20 July 2014

Helping Someone Who's Been Through a Miscarriage

As a warning, this post will not be cheery, though hopefully it won't be too depressing either. I've talked about my miscarriages before (the count is currently up to three), but I was rather angry when I wrote that post. I was all over the place. Today I'll be better at keeping it together. Promise.

I'm supposed to be having a baby this week. July 24th was the official due date for my pregnancy that went the farthest, if that makes sense. My mother's birthday is the 23rd, and she was thrilled when we'd told her. But now I'm sitting here months later with a very empty belly. And I'm sad. I'm no longer hysterically sad each time I try to talk about it, and I can hold other people's babies without bursting into tears as soon as I find a private place. Yet there's a little broken part of me that's just not getting better.

Like all losses, it's just something I'll have to learn to live with.


Don't worry, I'm not depressed. I'm just missing my babies. I wanted and prayed and hoped for them, all three. I thought that getting immediately pregnant after my first chemical pregnancy would make me feel better and make the first loss disappear, but it didn't. It just became a brand new loss, with its own difficulties and hurt feelings.

To tell you the truth, more people knew about the second loss than I would have liked. We had to tell all of Laurent's family that I was pregnant, because a lot of French Christmas food is completely off limits for pregnant women, and it would have been rude for me to turn it down otherwise.  After we'd heard that the baby's heart had stopped beating, when I called my boss to tell her that I needed work off because I was having a D&C, she announced it to everyone. Everyone had an opinion or advice to give. But let me tell you, some people's "good intentions" were absolutely heartbreaking.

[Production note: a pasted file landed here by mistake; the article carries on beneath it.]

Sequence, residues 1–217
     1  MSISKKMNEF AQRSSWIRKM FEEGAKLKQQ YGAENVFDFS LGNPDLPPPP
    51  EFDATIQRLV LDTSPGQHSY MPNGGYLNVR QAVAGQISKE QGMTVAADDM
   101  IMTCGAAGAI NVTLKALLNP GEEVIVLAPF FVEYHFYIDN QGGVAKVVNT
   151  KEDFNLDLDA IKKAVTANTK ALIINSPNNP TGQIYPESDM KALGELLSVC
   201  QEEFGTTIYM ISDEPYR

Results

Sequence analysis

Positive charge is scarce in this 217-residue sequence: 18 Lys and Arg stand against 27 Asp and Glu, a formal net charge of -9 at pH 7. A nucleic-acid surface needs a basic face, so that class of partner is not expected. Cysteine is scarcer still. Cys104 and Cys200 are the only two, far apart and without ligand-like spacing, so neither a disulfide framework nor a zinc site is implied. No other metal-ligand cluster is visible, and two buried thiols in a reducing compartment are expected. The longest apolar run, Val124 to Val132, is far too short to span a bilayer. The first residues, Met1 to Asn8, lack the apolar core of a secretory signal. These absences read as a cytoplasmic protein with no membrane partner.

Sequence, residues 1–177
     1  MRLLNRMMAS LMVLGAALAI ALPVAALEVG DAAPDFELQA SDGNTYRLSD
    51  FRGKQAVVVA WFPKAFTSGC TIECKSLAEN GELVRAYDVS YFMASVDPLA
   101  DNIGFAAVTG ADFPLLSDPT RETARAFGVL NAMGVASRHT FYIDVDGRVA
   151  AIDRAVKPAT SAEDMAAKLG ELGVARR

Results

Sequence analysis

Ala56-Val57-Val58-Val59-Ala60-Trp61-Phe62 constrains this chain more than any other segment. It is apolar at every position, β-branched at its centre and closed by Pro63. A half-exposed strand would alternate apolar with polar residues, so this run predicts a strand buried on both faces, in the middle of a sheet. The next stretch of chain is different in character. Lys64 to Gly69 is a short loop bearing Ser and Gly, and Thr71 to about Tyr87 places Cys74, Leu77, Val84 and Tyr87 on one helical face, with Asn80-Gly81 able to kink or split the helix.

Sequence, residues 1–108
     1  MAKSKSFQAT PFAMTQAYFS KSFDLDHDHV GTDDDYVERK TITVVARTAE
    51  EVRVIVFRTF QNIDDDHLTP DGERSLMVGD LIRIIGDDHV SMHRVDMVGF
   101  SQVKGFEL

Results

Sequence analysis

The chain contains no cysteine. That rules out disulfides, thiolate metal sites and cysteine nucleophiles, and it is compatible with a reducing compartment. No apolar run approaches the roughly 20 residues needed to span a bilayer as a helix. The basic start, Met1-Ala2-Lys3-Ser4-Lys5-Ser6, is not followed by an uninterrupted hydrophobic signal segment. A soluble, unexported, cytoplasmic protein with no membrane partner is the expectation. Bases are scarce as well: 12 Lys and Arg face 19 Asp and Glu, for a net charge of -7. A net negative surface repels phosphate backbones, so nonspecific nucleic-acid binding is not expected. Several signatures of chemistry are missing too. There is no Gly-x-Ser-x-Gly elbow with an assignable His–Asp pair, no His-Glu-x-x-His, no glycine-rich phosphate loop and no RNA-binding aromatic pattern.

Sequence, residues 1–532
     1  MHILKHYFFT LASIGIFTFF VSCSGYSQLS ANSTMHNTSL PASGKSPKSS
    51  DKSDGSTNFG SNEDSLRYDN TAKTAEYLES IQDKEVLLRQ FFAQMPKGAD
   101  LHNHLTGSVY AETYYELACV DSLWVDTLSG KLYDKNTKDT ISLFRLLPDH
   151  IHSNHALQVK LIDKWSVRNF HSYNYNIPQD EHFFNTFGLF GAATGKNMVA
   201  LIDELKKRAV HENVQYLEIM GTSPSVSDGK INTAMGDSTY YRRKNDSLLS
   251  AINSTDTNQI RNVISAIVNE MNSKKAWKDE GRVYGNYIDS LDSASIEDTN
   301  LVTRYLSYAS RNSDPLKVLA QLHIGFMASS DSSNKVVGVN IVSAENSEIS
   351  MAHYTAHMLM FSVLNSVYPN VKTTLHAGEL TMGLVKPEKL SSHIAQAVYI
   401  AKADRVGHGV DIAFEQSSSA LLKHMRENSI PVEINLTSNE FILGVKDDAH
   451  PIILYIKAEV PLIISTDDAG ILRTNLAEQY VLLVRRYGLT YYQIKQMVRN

If I could give people one piece of advice when talking to friend who's gone through a loss, it would be to ask yourself this question before giving your advice: Would you say that to a friend whose husband, or whose pet just died?

You would obviously never tell a friend, "Why are you so sad? If you had a husband once, you can find one again. Think of all those women who never get married! You're so lucky!" OR "But you're pretty! You don't look like the type of woman who would lose a husband." OR "It's probably because you were so stressed. Maybe if you'd just calmed down a bit you wouldn't have lost your husband."

Yet people think it's perfectly fine to say these types of things to someone who's lost a baby.

Whether you understand it or not, a miscarriage is a very real loss, and everyone experiences it differently. You don't get to decide how valid her pregnancy was, or decide how sad she should be feeling. Sometimes, even she doesn't get to decide. A lot of women are surprised by their reactions, which can range from happy relief to severe depression that requires professional assistance. Furthermore, if you're not her doctor, your medical advice is not welcome, and quite possibly dangerous, no matter how good your intentions are.


Your job is to listen, and maybe invite her out for pedicures and lunch.
Let her know that you're there and you love her.
That's it.


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